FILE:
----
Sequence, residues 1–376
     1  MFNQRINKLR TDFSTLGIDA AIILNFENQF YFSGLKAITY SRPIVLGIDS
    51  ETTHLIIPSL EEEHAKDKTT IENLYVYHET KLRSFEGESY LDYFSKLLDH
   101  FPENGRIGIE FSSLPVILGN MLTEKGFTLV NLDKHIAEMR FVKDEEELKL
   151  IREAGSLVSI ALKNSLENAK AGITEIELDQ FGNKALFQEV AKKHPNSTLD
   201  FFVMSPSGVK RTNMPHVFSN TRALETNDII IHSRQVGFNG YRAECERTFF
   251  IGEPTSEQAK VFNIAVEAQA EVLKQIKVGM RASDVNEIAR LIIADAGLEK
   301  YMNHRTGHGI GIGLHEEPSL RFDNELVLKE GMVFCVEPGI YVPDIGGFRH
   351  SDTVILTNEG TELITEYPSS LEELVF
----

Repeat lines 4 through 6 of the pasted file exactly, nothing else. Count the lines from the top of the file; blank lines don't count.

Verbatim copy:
   101  FPENGRIGIE FSSLPVILGN MLTEKGFTLV NLDKHIAEMR FVKDEEELKL
   151  IREAGSLVSI ALKNSLENAK AGITEIELDQ FGNKALFQEV AKKHPNSTLD
   201  FFVMSPSGVK RTNMPHVFSN TRALETNDII IHSRQVGFNG YRAECERTFF